WINDHAM -- There is a new petition calling for mandatory blood testing at the scene of an auto accident that results in death.
A Facebook page has been created by the mother of a crash victim with the goal of receiving enough support to make a law that its supporters hope to call Tressa's Law.
On July 2, the page was liked by 118 people; 29 were talking about it.
"It's gotten quite a bit of support," said Crystal Lyn Corriveau. "Some of the people are from other states. While we really appreciate that they like it, (Legislators) will only count the Vermont residents."
Tressa McKinney, 20, was killed in a car crash on Jan. 28. She had been traveling southbound on Route 30 when she lost control of her vehicle and skidded across the road. She crashed into an SUV, which Gavin Scotti was driving, in the northbound lane.
"I was a little stunned when I realized they did a toxicology on Tressa but the driver that survived, they didn't do a toxicology on him," said Crystal Lyn Corriveau. "I'm not accusing him of being drunk. When this happens, and you're left with a lot of what ifs, what ifs, what ifs, some of those you can answer. Some of those you will never answer. This particular one could have been answered."
Currently, police officers need probable cause to conduct a blood test. If there is no concern over the driver's sobriety, the police are not required to do any type of testing.
The Reformer received an e-mail from Vermont Law School Professor of Law Peter Teachout, which referenced analysis from his son, who is "on top of current developments in constitutional criminal procedure."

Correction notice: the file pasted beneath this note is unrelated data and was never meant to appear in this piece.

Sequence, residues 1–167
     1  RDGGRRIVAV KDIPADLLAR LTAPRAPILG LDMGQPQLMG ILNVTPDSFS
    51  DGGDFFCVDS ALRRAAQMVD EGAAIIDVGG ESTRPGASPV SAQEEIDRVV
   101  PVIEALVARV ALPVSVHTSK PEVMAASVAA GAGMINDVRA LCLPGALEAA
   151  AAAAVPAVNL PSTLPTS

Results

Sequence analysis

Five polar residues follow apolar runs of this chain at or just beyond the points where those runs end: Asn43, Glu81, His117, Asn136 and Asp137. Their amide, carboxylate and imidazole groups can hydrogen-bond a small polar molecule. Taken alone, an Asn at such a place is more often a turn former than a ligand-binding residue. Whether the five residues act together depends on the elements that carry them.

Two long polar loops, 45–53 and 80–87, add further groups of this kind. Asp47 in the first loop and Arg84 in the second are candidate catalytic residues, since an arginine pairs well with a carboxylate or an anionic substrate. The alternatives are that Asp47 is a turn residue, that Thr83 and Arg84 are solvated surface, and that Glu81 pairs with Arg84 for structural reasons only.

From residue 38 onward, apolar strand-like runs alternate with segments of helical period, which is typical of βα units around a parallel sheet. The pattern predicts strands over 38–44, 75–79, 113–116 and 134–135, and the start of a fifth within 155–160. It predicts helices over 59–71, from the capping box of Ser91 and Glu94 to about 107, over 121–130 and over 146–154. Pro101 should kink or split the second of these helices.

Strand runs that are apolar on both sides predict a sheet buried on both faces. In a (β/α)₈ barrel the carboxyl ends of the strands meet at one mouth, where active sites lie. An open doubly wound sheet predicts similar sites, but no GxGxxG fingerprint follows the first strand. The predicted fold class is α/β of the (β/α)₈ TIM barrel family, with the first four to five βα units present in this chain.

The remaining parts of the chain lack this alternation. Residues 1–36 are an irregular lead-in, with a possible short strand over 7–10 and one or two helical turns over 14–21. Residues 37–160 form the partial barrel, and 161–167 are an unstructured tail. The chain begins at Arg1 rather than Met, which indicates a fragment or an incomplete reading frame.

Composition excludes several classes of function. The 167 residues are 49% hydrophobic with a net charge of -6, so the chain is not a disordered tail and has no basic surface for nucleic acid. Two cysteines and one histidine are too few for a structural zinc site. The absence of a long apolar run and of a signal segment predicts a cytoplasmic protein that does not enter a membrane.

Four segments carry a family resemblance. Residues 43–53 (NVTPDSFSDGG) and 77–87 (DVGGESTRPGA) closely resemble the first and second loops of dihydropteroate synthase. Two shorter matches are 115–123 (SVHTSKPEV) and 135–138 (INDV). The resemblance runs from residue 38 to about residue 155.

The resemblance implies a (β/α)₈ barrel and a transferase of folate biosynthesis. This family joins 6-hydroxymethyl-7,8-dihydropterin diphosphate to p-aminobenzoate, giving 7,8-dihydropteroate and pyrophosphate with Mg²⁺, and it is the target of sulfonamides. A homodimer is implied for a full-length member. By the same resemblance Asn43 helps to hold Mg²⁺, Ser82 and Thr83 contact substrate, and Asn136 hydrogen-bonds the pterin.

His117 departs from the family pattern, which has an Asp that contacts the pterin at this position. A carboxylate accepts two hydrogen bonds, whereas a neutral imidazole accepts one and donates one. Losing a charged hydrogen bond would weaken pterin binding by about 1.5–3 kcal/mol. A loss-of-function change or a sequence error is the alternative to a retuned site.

Cabot Teachout, an attorney at Desmeules Olmstead and Ostler, researched similar cases in Mississippi, Pennsylvania and Illinois, where mandatory blood test requirement laws were struck down "because those statutes contained no probable cause or warrant requirement."
"Vermont already has a procedure for obtaining blood tests in certain cases where accidents occur, but it only applies where there is probable cause to believe that the operator was under the influence of alcohol or drugs. If the operator refuses in these cases, the officer can go to a judge to ask for permission to use force to obtain a blood sample," stated Cabot Teachout. "That said, a mandatory blood draw law for all fatalities would certainly be unconstitutional if there were no probable cause, no consent and no warrant requirement."
Corriveau sent an e-mail to Gov. Peter Shumlin. Leigh Appleby of the Governor's Office wrote back, thanking her for the message and sharing the story of McKinney's untimely death. Appleby recommended speaking with her state representative about the possible legislation.
Although the Legislature is out until next year, Corriveau thought she'd get a head start. In January, she plans to go to legislators with the petition.
Her goal is to receive 20,000 likes on Facebook, which will show support for the law. Corriveau had been told that getting 200 people to support the petition would be good and 2,000 would be great.
"I said, ‘We're going to do 20,000,'" Corriveau told the Reformer.
She also has set up the Tressa McKinney Memorial Fund, which will aid families who are dealing with a similar loss but don't have life insurance.
Corriveau said that she had bought life insurance plans for her children prior to the incident. Having no financial hardships gave her family the ability to grieve without worrying about money, she said.
"It's very difficult to go through this process," said Corriveau. "In those beginning weeks, I didn't take in a lot of what was said to me. Fortunately, I didn't have to. The money was there because of the life insurance. So my family was able to take care of everything."
To donate to the Tressa McKinney Memorial Fund, send in a check made up to the Tressa McKinney Memorial Fund to Neighborhood Connections at 5700 Vermont Route 100, Londonderry, Vt. 05148 or to People's United Bank. Checks can also be given to Corriveau and her husband Jimmy Corriveau, who will deliver it to Neighborhood Connections.
Chris Mays can be reached at 802-254-2311, ext. 273, or email@example.com. Follow Chris on Twitter @ CMaysReformer.